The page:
When you want to enjoy Shakespeare with your children, you can either focus on one play at a time or spread a Shakespeare feast so they can form their own relationships with numerous plays. There are plenty of good reasons to take either approach either within your own family or as a shared experience with others.
Of course there are the well-known and readily available adaptations by E. Nesbit and Charles and Mary Lamb, but there are also some more recent publications that I highly recommend. Since my own acquaintance with Shakespeare began with reading Lamb’s version in my youth, taking a whole class on the plays in college only deepened my appreciation for what was already familiar territory.
Not only do I want to share him with my children, I also like to be a resource for other local families, so I am developing a Shakespeare collection in our home library.
This year we are introducing Macbeth. In anticipation of their someday delving deeper into the text itself, for now I am content to read three or four versions of the story rather than taking taking them to a live performance that would be too intense for this stage (pun intended) of their lives.
Most libraries will carry at least some titles in the following series, so I borrow what is available and buy what is not. When I find a series I like, I purchase any of the titles I can afford so I can assign, display, strew (a casual form of display that sometimes works) and lend them out with a personal recommendation. Reading a variety of shortened versions helps to make the story unfold more clearly so that reading or hearing the original, beautiful words can be exciting rather than intimidating.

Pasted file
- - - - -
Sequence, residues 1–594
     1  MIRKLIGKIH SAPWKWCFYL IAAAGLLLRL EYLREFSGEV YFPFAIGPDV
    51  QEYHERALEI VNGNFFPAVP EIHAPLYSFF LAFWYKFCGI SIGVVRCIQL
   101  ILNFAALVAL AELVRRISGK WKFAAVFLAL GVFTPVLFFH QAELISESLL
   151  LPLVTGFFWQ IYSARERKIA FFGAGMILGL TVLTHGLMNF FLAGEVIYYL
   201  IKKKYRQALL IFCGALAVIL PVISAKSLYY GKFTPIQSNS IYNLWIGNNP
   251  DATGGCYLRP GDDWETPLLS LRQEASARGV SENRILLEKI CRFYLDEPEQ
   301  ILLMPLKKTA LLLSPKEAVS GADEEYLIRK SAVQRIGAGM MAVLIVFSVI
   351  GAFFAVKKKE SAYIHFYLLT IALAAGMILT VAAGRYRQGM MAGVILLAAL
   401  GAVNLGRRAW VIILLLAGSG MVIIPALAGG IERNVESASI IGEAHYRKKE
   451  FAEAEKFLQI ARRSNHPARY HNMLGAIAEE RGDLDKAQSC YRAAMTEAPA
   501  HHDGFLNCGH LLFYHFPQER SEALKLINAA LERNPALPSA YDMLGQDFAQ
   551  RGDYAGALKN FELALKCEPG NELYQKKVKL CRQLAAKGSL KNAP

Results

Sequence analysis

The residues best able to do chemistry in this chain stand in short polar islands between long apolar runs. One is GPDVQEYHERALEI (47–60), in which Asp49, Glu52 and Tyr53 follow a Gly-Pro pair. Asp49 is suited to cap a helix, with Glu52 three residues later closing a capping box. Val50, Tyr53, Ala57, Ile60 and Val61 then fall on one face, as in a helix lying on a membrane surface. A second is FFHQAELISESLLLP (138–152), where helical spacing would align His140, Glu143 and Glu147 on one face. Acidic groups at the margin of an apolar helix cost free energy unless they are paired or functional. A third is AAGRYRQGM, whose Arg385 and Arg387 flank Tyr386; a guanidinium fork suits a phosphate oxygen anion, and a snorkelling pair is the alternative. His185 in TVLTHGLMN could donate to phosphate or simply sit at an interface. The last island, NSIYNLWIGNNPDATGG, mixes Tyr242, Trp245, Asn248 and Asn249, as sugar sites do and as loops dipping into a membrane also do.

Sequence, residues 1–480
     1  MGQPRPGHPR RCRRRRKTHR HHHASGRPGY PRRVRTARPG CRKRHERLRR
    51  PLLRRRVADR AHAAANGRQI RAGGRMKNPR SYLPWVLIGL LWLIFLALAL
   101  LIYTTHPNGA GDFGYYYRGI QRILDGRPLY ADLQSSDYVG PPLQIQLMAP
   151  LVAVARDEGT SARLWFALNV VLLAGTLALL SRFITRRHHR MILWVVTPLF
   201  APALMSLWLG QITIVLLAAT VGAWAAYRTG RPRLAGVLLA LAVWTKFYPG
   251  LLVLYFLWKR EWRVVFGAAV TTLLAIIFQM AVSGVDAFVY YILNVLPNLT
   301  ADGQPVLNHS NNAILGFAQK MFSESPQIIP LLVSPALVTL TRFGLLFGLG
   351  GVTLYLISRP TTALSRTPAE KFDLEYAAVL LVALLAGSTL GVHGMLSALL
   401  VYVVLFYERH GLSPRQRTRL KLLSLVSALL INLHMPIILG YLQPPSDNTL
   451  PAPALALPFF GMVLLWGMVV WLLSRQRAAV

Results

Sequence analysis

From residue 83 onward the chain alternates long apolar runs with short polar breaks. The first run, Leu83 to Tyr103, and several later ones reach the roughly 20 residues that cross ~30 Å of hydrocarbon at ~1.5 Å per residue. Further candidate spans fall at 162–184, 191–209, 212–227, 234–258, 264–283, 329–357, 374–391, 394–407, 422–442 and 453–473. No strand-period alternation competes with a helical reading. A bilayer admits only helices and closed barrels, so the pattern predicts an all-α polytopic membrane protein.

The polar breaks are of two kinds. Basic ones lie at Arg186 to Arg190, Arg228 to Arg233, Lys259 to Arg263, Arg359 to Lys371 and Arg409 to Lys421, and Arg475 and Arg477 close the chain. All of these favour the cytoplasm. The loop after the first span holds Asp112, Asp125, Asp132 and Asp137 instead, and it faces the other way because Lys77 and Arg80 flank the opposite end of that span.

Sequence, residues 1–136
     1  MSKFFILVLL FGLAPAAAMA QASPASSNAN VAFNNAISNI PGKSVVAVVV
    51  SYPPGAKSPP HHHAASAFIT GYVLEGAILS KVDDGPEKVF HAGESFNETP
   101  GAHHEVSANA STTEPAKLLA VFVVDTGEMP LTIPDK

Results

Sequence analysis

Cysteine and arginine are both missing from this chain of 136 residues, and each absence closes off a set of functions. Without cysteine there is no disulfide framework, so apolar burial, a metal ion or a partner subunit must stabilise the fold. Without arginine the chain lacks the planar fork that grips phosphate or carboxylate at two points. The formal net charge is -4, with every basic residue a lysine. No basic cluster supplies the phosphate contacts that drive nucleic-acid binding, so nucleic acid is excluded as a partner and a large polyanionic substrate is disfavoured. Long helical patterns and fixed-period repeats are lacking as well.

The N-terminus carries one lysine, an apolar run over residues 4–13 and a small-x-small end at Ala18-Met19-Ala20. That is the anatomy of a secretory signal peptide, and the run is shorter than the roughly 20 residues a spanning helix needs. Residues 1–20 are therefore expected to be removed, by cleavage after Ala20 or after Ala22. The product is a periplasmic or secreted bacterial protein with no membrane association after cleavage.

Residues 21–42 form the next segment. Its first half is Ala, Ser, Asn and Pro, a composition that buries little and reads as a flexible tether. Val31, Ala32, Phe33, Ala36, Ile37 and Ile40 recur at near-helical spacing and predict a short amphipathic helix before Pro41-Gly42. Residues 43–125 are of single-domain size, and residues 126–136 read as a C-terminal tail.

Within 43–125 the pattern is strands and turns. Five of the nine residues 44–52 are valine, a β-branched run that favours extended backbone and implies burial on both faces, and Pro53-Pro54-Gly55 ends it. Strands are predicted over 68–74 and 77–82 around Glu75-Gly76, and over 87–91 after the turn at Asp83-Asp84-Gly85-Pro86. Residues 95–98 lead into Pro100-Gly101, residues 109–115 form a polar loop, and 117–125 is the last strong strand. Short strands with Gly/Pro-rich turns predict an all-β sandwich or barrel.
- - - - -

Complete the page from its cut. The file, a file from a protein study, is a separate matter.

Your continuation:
For comparison’s sake, these are all linked to Macbeth, but these series are available for many of Shakespeare’s plays.
Armour, Richard. Twisted Tales from Shakespeare.
A light-hearted condensed version full of puns and wordplay. Richard Armour is witty and has fun with Shakespeare so the reader does too. This is not easy to find, but check your library or used bookstore.
Burdett, Lois. Shakespeare Can Be Fun!
An elementary teacher introduces Shakespeare to classes of 2nd-6th graders and inspires them to draw or write their impressions of the story as well as produce it on stage for an audience. These kids get it! The plays are re-written in decent rhyme and are very readable for variety in introducing the story.
Coville, Bruce. (various illustrators)
May Mr. Coville’s muse continue to inspire him! In lavishly illustrated picture books he has retold some of the most famous stories such as A Midsummer Night’s Dream, Macbeth, Romeo and Juliet, The Tempest, and Hamlet. The text is excellent, with the characters using Shakespeare’s words whenever possible almost seamlessly with Coville’s narration.
Dickins, Rosie. Usborne World of Shakespeare Reference Book. Usborne, 2015.
What would a library be without a reference section? This slim volume full of illustrations is an excellent resource about Shakespeare, his life and times, the theater and his plays. If you have younger children, boys who prefer pictures and minimal text, or just need a basic introduction, this is perfect.